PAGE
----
Marten can't even imagine a meaningful question which would take such a calculation to answer.

There's no hint of a manual. There's nothing approaching an API. He hasn't the faintest clue how anybody on Earth would go about setting off a bomb big enough to make a light bright enough that a message could be transmitted back into the Sun for processing. What can you see from the chromosphere other than scintillating white light? What capabilities does the machine have for receiving information from external sources, even? Why shouldn't it be set up to run as a closed container? What could you possibly drop into the thing, short of a planet, which could substantially influence, perturb or disrupt its "regular" operations rather than being incinerated before getting within a thousand kilometres of its surface?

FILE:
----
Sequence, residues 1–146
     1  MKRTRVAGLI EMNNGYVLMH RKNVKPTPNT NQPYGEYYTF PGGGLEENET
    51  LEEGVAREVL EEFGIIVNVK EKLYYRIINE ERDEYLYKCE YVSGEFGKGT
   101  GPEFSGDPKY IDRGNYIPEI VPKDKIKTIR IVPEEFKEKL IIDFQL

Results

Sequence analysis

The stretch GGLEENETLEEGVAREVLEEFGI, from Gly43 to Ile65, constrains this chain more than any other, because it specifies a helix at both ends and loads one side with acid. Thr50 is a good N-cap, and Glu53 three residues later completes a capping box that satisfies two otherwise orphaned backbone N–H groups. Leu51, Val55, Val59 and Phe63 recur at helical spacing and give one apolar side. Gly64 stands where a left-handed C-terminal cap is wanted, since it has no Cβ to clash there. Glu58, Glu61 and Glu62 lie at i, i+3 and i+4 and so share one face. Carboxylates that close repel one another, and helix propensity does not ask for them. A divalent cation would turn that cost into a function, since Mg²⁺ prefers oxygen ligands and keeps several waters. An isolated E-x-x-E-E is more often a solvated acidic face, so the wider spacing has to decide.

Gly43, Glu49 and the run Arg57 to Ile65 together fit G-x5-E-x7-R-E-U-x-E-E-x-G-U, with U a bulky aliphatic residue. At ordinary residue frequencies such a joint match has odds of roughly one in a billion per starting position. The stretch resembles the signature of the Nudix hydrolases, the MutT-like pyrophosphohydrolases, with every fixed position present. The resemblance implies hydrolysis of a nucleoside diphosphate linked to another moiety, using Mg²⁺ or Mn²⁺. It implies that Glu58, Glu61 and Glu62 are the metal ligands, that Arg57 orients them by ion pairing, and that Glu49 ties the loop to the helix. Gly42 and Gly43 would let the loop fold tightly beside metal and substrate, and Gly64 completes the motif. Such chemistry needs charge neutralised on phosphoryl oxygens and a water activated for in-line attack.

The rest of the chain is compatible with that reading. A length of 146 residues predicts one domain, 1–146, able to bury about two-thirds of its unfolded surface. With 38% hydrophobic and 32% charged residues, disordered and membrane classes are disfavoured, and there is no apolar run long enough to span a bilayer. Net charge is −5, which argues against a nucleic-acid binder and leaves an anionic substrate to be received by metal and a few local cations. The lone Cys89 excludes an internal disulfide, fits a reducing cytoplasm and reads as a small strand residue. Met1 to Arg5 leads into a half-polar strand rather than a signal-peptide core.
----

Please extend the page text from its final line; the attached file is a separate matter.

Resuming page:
All he knows is that no other star is like it, which is a point strongly in favour of the "human" suggestion.

It doesn't count as a computer. The main property of a computer is that you can tell it what you want it to do and - assuming you jumped through appropriate hoops - it will do it. Worse! It must have output as well as input! From this vantage point they might as well be observing electrons flowing through an Opteron core. "How practical!"

So that's great. What has been gained? It'll be a decade before they can send a probe within spitting distance, probably putting it in orbit around Mercury so it can spend most of its time in the shade.